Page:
Tag Archives: gross negligence

Established Protecol for Administering Electronic Waiver Protects Fair When Participant is Killed

By Doyice Cotten

The 28th District, an agency in the State of California, organizes and operates the San Bernardino County Fair and owns and operates the event location. The fair’s attractions are owned and operated by independent vendors. The vendor in this case, FD Event, owned and operated the “Free Drop Experience.” It involved jumping off scaffolding 36 feet high onto a stuntman airbag. When constructing the scaffolding for the May, 2015, fair the platform at the top was eliminated because it seemed to add too much stress to the tower.

The Difference Between Ordinary Negligence and Gross Negligence

By Doyice Cotten

Most sport, recreation, and fitness professionals have an idea (though they are often incorrect) of what constitutes ordinary negligence. Many understand that

ordinary negligence is the failure to exercise the level of care that someone of ordinary prudence would have exercised under the same circumstances. Many understand that negligence is indicated by  inattention, irresponsibility, and actions that are careless.  

A California federal court (Kabogoza v. Blue Water Boating,

Lawsuit Illustrates a “How-to” Guide for Personal Trainers

By Doyice Cotten

Personal trainers should recognize the potential for injury in their profession and strive to serve their clients safely and effectively. Gregory Pedersen, the personal trainer in Berisaj v. LTF Club Operations Company, Inc. (2019), was faced with a lawsuit by a client of 17 fitness sessions; the lawsuit alleged 1) negligence, 2) gross negligence, and 3) willful and wanton misconduct.

Plaintiff Victor Berisaj, who had been a client of LTF since 2007,

California: When a Provider Increases the Inherent Risks of the Activity

By Doyice Cotten

Jim McNeil was a professional motocross rider and jumper; he was killed in an incident in which he was attempting to make a 75 foot jump over a motorhome (McNeil v. Freestylemx.com, 2016). His motorcycle had a loss of power and his flight fell short of the landing ramp. He had performed similar jumps in about 250 shows. In an earlier litigation, this court declined to grant the defendant’s bid for summary judgment because there was an issue of fact as to whether McNeil had actually signed the waiver.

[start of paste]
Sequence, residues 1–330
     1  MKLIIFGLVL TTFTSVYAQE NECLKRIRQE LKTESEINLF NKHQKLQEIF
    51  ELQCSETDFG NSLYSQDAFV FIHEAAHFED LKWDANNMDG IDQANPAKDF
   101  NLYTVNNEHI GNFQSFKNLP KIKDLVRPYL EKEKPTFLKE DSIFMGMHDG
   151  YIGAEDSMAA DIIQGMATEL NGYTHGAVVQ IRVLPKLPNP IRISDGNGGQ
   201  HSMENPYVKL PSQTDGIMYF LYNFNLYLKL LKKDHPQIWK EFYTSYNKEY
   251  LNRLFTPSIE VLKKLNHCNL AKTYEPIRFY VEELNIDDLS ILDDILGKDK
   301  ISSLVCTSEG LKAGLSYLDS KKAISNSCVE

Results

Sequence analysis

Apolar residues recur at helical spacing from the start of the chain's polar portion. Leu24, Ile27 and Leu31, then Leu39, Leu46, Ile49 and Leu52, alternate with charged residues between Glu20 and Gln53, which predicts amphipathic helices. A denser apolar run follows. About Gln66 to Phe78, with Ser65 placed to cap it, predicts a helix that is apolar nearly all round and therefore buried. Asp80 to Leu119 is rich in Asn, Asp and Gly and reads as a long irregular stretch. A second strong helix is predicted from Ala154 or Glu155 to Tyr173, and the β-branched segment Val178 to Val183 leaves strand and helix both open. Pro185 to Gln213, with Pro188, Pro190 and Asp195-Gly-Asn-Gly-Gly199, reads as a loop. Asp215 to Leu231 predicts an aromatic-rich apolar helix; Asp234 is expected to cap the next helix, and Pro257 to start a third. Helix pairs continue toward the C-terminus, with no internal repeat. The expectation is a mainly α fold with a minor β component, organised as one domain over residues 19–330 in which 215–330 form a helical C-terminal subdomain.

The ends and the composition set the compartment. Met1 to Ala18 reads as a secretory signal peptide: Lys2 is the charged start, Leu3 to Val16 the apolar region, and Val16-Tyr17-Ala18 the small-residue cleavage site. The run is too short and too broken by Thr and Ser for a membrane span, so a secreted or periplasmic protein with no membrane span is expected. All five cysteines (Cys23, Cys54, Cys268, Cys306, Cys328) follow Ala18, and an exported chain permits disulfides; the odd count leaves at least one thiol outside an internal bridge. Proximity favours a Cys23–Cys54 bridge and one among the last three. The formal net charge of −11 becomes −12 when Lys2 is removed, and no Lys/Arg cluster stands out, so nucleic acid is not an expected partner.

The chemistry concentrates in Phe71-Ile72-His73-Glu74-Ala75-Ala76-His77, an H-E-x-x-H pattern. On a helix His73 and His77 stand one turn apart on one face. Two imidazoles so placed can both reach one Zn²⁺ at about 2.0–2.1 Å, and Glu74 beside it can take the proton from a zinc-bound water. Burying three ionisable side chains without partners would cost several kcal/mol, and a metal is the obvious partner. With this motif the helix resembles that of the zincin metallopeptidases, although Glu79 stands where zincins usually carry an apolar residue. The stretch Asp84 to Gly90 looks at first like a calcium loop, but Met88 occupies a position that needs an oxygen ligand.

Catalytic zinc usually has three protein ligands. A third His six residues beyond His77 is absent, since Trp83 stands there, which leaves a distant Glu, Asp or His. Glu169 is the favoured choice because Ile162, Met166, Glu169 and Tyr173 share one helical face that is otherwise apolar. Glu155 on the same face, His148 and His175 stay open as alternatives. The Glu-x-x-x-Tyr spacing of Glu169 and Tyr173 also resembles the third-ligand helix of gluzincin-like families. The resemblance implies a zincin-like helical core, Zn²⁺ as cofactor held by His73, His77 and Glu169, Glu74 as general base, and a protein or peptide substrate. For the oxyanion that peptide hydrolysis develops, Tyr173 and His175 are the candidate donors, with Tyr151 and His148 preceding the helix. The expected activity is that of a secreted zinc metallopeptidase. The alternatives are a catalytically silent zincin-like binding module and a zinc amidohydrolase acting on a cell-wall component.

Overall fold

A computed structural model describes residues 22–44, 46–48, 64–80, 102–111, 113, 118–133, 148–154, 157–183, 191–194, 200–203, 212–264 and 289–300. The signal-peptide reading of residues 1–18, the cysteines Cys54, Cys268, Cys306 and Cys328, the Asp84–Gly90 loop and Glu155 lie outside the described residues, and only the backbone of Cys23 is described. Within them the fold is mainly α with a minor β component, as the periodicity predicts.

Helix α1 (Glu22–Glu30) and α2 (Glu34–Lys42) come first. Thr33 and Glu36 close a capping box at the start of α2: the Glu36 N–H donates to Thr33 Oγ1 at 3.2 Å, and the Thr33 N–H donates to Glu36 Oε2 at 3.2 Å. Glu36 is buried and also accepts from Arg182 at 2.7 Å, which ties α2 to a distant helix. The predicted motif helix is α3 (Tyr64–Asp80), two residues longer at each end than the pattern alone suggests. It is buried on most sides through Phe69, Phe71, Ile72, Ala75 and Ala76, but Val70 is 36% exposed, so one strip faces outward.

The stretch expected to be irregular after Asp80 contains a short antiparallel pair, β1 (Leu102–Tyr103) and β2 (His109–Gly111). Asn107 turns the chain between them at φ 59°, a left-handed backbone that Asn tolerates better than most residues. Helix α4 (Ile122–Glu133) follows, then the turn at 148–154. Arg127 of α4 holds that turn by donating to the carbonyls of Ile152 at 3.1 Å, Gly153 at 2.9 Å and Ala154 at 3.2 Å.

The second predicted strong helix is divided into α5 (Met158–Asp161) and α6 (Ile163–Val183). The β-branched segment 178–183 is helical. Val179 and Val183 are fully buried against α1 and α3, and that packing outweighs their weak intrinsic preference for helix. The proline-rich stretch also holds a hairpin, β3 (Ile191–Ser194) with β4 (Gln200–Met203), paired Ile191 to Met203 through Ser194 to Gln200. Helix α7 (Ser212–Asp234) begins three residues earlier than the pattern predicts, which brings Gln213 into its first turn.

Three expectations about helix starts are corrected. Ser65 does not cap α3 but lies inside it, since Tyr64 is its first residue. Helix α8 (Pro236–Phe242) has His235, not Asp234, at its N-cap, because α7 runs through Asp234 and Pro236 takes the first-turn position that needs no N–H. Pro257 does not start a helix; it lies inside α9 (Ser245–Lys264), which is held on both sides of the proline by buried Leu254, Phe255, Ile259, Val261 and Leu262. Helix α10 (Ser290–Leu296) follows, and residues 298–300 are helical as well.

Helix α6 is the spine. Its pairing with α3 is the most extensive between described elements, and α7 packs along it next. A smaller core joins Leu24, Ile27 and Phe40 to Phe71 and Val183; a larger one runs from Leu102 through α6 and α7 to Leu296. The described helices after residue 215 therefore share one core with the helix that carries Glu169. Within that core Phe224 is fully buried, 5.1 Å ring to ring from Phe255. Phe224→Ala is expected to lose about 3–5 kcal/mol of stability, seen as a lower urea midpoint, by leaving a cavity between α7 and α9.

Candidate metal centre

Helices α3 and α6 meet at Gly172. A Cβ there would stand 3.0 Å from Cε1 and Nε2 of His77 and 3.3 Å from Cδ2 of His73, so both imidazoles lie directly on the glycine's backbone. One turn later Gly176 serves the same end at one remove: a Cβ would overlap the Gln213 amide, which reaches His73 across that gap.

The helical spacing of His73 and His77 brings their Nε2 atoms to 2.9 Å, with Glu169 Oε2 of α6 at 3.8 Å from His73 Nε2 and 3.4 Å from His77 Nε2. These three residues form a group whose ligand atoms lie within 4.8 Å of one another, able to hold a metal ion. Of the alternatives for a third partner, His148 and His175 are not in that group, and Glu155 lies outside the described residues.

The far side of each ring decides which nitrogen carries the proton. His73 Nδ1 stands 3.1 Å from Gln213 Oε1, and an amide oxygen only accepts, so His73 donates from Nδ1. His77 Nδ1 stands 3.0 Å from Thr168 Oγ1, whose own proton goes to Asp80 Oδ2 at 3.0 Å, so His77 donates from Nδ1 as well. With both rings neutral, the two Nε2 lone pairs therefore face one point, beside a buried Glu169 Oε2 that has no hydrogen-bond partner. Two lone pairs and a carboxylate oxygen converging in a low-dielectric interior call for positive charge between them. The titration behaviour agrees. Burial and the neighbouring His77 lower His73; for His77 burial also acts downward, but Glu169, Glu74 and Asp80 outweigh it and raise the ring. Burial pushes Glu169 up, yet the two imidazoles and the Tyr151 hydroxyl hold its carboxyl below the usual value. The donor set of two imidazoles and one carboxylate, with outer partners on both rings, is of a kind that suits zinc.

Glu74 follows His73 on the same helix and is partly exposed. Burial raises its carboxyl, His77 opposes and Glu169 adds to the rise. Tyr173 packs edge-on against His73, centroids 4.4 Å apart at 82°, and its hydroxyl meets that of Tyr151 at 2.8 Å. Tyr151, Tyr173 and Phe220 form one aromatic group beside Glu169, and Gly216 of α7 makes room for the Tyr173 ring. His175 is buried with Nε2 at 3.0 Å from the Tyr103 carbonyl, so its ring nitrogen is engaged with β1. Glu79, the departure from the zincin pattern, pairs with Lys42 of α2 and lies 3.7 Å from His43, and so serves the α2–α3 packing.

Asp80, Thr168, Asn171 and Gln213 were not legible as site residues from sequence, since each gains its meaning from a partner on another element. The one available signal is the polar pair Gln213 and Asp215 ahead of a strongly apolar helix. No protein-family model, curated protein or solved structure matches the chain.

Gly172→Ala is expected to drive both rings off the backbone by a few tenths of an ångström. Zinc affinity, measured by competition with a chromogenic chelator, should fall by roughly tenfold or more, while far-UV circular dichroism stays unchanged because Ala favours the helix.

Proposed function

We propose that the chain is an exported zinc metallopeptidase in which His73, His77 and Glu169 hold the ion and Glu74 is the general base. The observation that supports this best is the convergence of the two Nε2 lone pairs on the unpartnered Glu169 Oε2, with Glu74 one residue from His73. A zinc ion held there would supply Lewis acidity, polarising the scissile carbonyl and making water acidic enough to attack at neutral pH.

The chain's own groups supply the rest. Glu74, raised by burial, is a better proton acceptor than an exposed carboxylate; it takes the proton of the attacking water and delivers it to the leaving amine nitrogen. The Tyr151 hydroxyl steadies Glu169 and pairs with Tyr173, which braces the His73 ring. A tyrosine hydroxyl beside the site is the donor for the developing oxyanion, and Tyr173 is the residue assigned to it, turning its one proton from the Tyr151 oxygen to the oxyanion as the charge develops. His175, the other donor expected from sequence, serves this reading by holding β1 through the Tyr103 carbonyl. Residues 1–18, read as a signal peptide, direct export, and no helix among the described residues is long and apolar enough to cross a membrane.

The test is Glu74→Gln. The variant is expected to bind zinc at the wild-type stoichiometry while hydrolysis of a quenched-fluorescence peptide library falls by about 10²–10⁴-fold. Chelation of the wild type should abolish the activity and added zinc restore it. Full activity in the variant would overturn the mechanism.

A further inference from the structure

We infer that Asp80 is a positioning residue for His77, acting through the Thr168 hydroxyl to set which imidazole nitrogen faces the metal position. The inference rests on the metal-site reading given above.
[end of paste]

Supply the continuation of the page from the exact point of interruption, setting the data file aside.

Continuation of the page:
Risk Management Procedures Help Save Utah Snowmobile Operator from Liability

By Doyice Cotten

Matthew Rose rented a 2014 Polaris snowmobile from Summit Lodge. While approaching an opening in a wooden fence on the snowmobile, the throttle stuck on full-throttle and resulted in an injury to Rose.

The snowmobile has a thumb-operated throttle lever for acceleration; release of the lever is supposed to return the machine to idle. Normally, the machine has two methods of manual shut-off: a kill switch or by turning the key to off.

Yikes!! An Injury — Am I Liable?

By Doyice Cotten 

Sport and recreation managers are often confused about their liability in the event of an injury. This is understandable because the law is far from simple. The intent of this post and the included table is to reduce at least some of the confusion.

First, injuries result from one of three causes. The cause of injury may be a simple accident or an “inherent risk” of the activity. In this case the provider usually has no liability providing the injured party was aware of the inherent risks of the activity.

Summary Judgment Rulings in Recent New Jersey Waiver Cases when Gross Negligence is Alleged

By Doyice Cotten

Plaintiffs often allege both negligence and gross negligence when injured and seeking redress. New Jersey law generally holds that “contracting parties are afforded the liberty to bind themselves as they see fit.” Waivers of provider negligence, however, are disfavored in law and must be subjected to close judicial scrutiny. Such waivers must reflect the intent of the party giving up rights to do so voluntarily and with knowledge of the consequences. Further the signer of a contract,

Do Texas Courts Enforce Waivers for Gross Negligence?

By Doyice Cotten

Last week’s post, Court in Texas Trampoline Park Case Enforces Waiver for Gross Negligence, involved an occasion when a Texas Appellate court did enforce a waiver for gross negligence. But, when one looks at previous court rulings, it becomes clear that there are two schools of thought on the matter of whether waivers can protect against liability for gross negligence.

Some Texas courts feel that gross negligence is not a separate cause of action from that of negligence.

Court in Texas Trampoline Park Case Enforces Waiver for Gross Negligence

By Doyice Cotten

Graciela Quiroz and her sixteen-year-old son went to Jumpstreet for trampolining. Before jumping, she signed a pre-injury waiver of liability “Jumpstreet, LLC Release and Parent/Guardian Waiver of Liability and Assumption of Risk.” After signing the waiver, Graciela attempted to do a flip and injured her neck; this resulted in paralysis from the waist down. She sued Jumpstreet for negligence and gross negligence and as next friend of two minor children for their loss of parental consortium and for mental anguish;

Niagara Jet Boat Patron Challenges Waiver on Negligence, Violation of a Safety Statute, Breaching a Condition of a Contract, and Gross Negligence

By Doyice Cotten

Scott and Sarah Witkowski and their son rode a Niagara Jet Adventures(referred to as Niagara) jet boat after having signed a waiver of liability. The boat hit a large wave throwing Scott and the son into Sarah causing injury.  The Witkowskis sued Niagara alleging negligence and gross negligence. They also alleged negligence per se claiming Niagara violated a safety statute (This was not properly pled and was dismissed.)

The Waiver

Pertinent parts of the waiver read:

“In consideration of participating in whitewater,